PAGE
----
by: Begley Law Group

by Adam Cohen, Esquire

For active and retire service members, pay of all benefits generally stops upon the service member’s death. However, Survivor Benefit Plan (SBP) is an additional benefit which provides monthly, cost-of-living-adjusted income to certain members of the service member’s family. The SBP is a program which service members may elect to participate in as part of their retirement pay package. An added benefit is that under the SBP, the service member may elect to provide a survivor’s benefit to a spouse, former spouse, dependent children, or the spouse or former spouse and dependent children. The service member will receive a reduced amount during lifetime, but will be able to provide an annuity to his or her family members after death. This can be a significant benefit.

The SBP’s purpose is to provide replacement of income to the family members of a deceased service member. Typically, the annuity is paid directly to the spouse and/or dependent child, increasing their income. For most people, this is a seamless process. However, for military families with disabled children, this caused tremendous problems. The SBP income would be attributable to the disabled child, often compromising their eligibility for critical programs such as Supplemental Security Income or Medicaid. Congress created a solution.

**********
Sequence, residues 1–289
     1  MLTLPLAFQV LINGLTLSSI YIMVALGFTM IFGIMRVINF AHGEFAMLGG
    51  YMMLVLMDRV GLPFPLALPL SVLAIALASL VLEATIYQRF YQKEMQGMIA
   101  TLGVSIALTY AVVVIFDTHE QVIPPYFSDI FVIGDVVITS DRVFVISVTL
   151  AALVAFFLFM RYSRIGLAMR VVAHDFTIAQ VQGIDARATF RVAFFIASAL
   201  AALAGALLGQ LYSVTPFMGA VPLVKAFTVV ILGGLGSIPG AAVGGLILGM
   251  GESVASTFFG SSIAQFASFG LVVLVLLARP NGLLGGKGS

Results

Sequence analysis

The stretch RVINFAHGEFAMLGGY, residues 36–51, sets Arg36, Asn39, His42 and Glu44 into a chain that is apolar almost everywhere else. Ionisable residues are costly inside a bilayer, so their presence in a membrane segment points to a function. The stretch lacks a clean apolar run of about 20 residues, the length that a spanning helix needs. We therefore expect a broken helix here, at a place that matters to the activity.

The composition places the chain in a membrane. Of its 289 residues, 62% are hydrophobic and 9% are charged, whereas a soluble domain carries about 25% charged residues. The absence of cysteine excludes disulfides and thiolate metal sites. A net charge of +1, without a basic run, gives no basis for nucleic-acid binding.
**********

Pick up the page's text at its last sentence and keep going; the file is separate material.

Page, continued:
The National Defense Authorization Act for Fiscal Year 2015 allowed, among other things, the service member to irrevocably assign the SBP annuity to a Special Needs Trust for the sole benefit of the child with a disability. This provided relief for military families with disabled children. Service members could now be assured that their SBP annuity would be there to benefit their child, while also allowing their child’s other benefits to remain in effect.

To make the required designation, the service member must have previously elected Spouse and Child, or Child Only as the recipient of the SBP. The Special Needs Trust must be properly drafted. Upon execution of the Special Needs Trust, a written statement to the Defense Finance and Accounting Service assigning the SBP to the trust is required, along with an attorney’s certification as to the validity of the Special Needs Trust.

A service member who has a child with disabilities should consult with an experienced attorney to determine whether assigning their SBP annuity to a Special Needs Trust would be appropriate for their disabled child.  Begley Law Group specializes in Special Needs Trust and its attorneys are readily available to assist any service member with the planning for his or her child with disabilities.